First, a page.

A rare striped rabbit, seen only a handful of times, has peeked out of its tropical forest home, and a graduate student got the chance of a lifetime, holding and photographing the little guy on the first day of a three-month expedition to study the animal's habitat.
The Annamite striped rabbit (Nesolagus timminsi) has been spotted only in the pristine tropical forests of the northern and central Annamite Mountain range between the borders of Vietnam and Laos. Rabbit expert Diana Bell and colleagues from the University of East Anglia in Norwich, United Kingdom, first described the species in 1999 in the journal Nature.
Researcher Sarah Woodfin, who is working under Bell for a master's in applied ecology and conservation, has always loved rabbits and hares, she said. She and Bell decided to focus her thesis work on the striped rabbits of Southeast Asia because there is so little known about them. "We do not even know its habitat preference,” she told Live Science in an email. [101 Animal Shots You'll Go Wild Over]
Woodfin said the rabbits have only rarely been photographed in groups, suggesting they live solitary adult lives. As to the rabbit she held, "We don't know if it had a family," because it was only in her arms for under 30 minutes, and "we released it in the same spot we found it," she said.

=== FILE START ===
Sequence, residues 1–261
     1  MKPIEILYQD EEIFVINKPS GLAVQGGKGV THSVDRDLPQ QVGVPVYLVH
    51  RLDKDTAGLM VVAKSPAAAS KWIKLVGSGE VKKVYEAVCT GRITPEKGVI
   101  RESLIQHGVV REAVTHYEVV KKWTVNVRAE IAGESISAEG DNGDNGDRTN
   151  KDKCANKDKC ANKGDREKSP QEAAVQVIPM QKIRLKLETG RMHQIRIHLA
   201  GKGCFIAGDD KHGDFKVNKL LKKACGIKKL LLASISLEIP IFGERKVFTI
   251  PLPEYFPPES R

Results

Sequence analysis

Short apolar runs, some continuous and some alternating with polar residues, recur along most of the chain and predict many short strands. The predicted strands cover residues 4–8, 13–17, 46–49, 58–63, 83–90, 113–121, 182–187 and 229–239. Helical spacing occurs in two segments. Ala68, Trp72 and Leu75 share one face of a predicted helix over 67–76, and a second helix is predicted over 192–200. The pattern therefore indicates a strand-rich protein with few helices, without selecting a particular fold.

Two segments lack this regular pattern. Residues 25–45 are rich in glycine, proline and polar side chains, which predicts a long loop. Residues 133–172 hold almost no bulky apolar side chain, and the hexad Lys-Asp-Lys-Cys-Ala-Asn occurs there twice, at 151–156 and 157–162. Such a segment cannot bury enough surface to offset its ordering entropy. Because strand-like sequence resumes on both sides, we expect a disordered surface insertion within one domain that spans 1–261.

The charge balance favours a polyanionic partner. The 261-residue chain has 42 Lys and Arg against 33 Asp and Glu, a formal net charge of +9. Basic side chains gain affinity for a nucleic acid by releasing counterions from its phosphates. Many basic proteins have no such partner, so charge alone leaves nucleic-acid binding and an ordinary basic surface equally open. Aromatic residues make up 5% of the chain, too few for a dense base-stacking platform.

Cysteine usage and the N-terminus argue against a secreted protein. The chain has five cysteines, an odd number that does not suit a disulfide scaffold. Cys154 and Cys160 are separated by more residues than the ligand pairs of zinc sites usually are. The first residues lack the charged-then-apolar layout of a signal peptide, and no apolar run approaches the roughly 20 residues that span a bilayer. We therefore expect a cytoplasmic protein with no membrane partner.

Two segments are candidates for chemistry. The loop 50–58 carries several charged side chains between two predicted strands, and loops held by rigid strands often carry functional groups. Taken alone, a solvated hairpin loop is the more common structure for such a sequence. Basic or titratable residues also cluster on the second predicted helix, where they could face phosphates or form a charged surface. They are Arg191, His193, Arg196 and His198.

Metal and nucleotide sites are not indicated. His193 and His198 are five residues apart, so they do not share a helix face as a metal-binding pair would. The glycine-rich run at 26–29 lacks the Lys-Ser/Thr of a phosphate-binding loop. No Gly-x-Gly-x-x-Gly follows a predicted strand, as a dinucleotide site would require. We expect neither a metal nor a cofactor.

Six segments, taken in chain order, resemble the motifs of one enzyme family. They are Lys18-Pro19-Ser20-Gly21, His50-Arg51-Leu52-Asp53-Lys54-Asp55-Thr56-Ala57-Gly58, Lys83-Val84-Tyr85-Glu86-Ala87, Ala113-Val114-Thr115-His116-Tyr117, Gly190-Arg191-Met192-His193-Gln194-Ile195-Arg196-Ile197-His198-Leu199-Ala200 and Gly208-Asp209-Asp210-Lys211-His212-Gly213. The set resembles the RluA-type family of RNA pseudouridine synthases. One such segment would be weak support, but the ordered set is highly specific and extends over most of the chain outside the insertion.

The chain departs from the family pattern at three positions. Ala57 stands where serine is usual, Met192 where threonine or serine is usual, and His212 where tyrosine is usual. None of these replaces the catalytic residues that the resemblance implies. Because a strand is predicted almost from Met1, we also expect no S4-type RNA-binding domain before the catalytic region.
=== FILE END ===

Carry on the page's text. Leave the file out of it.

With a body length of about a foot, the striped rabbit "is very handsome, with a golden-brown body, a red rump, black stripes, small ears and no tail," Woodfin said.
Although rabbits have the reputation for being prolific breeders, several species are actually at risk for extinction. The Amami rabbit from Japan, for instance, is under threat from invasive predators, and other rabbit species are threatened by warming climates, which can shift and alter their environments.
During the 1950s, a virus called myxomatosis decimated the rabbit population of the grasslands in southern England. Without rabbits to munch on the vegetation, shrubs took over the area and affected the habitat for butterfly and bird species, said Woodfin.
Southeast Asia is at risk for a similar eventuality. Currently, the region is bursting with biodiversity, but deforestation and poaching could soon change that. Woodfin carried out her study, with support from the World Wildlife Fund, in a protected area in Vietnam. The WWF has an ongoing monitoring and conservation program for endangered species specific to Vietnam and Laos, she said.
More research is necessary to understand why the rabbits have been pushed into secluded forests in Southeast Asia. It is possible the rabbits once lived in other forest habitats, but that hunting drove them from those spots, Woodfin said, adding that "we need to know more about the rabbit before that could be properly assessed."
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